2

I'm not aware how deep my tree will be. So I think the NSM is fit for me, reading some docs. In sql, this model suppose I'm using an integer value as primary key. I thought to create a twin table only to store the ints (PK,left,righ) connected by a relation one-to-one with the real table. Things are complicating and it is a waste of space disk, especially when the server is not mine and I have to pay each megabyte. Help!!

UPDATE

Excellent! Fabolous!! Thanks Macka and Bill, I could skip reading a whole book, for now. Celko is a future order on Amazon. ;-)

3
  • What's NSM? And also would you specify what version of SQL server you are running again?
    – dance2die
    Mar 19, 2009 at 15:47
  • 1
    NSM = Nested Set Model - see Joe Celko's post here: intelligententerprise.com/001020/celko.jhtml
    – BigJump
    Mar 19, 2009 at 15:48
  • @Macka: thanks. time to learn about new stuff.!
    – dance2die
    Mar 19, 2009 at 15:50

2 Answers 2

3

It doesn't matter what type your primary key is as the left/right values will still be integers. eg.

CREATE TABLE [dbo].[Demo](
    [ID] [uniqueidentifier] ROWGUIDCOL  NOT NULL CONSTRAINT [DF_Demo_ID]  DEFAULT (newid()),
    [Name] [varchar](50) NOT NULL,
    [Lft] [int] NOT NULL,
    [Rgt] [int] NOT NULL,
 CONSTRAINT [PK_Demo] PRIMARY KEY CLUSTERED 
(
    [ID] ASC
)WITH (PAD_INDEX  = OFF, STATISTICS_NORECOMPUTE  = OFF, IGNORE_DUP_KEY = OFF, ALLOW_ROW_LOCKS  = ON, ALLOW_PAGE_LOCKS  = ON) ON [PRIMARY]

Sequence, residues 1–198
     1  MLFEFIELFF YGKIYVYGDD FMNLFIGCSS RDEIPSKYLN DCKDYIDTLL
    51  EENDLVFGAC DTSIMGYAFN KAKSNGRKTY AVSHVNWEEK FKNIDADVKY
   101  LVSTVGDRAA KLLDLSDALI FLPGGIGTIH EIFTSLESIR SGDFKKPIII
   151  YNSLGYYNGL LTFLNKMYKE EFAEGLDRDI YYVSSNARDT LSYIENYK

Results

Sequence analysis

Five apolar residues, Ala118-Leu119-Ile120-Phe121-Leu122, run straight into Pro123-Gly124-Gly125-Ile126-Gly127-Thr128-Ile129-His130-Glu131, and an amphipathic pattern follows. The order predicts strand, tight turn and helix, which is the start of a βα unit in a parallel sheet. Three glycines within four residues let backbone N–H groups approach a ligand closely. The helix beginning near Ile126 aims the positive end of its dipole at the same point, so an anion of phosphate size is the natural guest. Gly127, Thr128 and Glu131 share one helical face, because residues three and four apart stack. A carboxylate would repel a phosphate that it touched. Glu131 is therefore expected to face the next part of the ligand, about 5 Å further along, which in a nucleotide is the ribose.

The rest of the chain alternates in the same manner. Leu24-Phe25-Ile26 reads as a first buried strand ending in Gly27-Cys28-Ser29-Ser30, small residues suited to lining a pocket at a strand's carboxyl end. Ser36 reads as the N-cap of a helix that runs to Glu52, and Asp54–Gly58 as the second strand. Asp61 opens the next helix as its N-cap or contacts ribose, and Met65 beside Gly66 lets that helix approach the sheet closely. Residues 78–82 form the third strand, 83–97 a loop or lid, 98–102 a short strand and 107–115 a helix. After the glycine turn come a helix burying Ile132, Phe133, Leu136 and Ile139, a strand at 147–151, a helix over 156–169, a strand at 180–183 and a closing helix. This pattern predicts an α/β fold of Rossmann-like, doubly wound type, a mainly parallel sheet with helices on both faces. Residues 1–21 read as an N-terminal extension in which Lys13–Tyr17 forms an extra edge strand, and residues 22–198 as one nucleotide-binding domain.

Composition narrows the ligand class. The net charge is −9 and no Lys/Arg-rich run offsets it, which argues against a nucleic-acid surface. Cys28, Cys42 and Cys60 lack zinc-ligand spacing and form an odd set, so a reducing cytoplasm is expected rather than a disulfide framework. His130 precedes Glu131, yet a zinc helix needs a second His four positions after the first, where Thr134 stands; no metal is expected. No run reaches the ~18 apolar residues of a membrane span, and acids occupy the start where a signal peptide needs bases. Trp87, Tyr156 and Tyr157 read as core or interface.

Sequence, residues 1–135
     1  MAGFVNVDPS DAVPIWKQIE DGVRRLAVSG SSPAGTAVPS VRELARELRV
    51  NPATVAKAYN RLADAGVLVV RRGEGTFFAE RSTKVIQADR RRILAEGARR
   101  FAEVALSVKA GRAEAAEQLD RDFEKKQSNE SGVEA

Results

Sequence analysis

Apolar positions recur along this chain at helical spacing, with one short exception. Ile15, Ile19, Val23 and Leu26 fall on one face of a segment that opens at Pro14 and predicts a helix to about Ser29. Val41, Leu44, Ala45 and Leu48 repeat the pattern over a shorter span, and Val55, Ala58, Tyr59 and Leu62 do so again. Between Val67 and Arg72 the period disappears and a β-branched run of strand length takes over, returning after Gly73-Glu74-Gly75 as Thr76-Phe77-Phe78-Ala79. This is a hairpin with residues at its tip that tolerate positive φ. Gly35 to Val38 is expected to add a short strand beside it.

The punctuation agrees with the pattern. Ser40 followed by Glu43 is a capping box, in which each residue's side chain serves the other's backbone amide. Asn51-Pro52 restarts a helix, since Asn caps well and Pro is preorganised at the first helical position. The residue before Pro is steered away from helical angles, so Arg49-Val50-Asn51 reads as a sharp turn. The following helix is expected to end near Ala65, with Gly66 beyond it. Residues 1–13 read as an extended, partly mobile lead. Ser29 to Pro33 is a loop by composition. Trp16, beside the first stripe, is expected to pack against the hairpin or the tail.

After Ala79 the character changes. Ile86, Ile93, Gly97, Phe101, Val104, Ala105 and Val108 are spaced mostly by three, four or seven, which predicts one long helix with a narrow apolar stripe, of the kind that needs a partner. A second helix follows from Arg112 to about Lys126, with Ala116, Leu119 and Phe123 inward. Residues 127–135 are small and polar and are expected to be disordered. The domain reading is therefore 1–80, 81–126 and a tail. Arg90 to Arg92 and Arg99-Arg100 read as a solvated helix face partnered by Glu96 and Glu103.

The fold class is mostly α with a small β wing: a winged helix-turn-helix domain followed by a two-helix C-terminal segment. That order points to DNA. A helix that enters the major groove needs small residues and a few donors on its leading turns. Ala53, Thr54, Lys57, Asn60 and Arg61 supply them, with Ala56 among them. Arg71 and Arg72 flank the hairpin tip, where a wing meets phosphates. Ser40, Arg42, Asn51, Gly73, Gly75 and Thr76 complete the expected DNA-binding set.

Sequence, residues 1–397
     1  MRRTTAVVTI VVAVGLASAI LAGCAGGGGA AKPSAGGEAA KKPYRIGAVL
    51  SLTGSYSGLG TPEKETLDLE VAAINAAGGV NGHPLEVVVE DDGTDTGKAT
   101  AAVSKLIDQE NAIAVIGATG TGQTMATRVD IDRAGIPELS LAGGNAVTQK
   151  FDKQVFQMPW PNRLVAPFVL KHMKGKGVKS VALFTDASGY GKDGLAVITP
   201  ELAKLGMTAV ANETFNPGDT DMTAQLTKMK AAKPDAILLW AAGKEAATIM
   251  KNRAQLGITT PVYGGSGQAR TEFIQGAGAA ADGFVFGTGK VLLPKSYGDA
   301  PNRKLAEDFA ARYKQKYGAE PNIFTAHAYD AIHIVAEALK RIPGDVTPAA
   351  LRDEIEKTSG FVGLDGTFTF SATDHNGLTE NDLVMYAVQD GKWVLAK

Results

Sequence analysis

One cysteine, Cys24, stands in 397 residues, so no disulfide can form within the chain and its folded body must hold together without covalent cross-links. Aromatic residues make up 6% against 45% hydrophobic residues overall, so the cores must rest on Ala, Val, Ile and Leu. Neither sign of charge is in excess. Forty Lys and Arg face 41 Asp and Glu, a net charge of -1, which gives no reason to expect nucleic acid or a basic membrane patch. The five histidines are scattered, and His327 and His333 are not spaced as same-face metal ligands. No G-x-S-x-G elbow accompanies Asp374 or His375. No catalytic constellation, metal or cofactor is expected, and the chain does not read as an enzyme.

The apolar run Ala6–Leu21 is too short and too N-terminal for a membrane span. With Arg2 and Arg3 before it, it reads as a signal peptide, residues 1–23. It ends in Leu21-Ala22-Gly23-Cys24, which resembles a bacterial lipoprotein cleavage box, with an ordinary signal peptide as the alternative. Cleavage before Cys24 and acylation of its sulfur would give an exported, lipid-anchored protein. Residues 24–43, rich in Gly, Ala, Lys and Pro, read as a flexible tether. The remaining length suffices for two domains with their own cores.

) ON [PRIMARY]

--add some test data

INSERT INTO demo(name,lft,rgt)
SELECT 'node1',1,6
UNION
SELECT 'node2a',2,3
UNION
SELECT 'node2b',4,5

--check it works

SELECT *
FROM demo
WHERE lft>=2
ORDER BY lft
5
  • thanks Macka. I'm going to do some query with fake data. Do you have any links where I can find an implementation ? I'm fresh with NSM, i need to improve my knowledge about it.. Mar 19, 2009 at 15:50
  • I'll just add that you want to make sure that you have proper constraints on your columns. For example, if you are not going to use a PK on lft and rgt at least add a unique index on it and also add a check constraint that lft < rgt
    – Tom H
    Mar 19, 2009 at 15:52
  • Joe Celko (who devised this) wrote a book called SQL for Smarties which covers this and some other cool ways of storing data - def. recommend that. Start here intelligententerprise.com/001020/celko.jhtml and after that a Google search for 'Joe Celko' should have you sorted. Good luck!
    – BigJump
    Mar 19, 2009 at 15:56
  • Good point Tom. Also, I ended up writing triggers which maintained the integrity of my tree (eg. lft/rgt values when inserting/moving/deleting) It's okay having your app do this, but it only takes a "clever" developer in management studio to screw up your entire tree!
    – BigJump
    Mar 19, 2009 at 15:58
  • Some more links on here: stackoverflow.com/questions/143226/cloning-hierarchical-data
    – BigJump
    Mar 19, 2009 at 16:01
1

As @Macka writes, the left and right values are not foreign keys to tree nodes, so they don't have to be the same type. They can be integers while the tree node primary key is a GUID.

Celko also wrote "Trees and Hierarchies in SQL for Smarties" which goes into more detail about Nested Set Model, and other solutions. Reading this book will save you a lot of time and a lot of mistakes.

There are other solutions to storing hierarchical data in a database. See my answer here: What is the most efficient/elegant way to parse a flat table into a tree?

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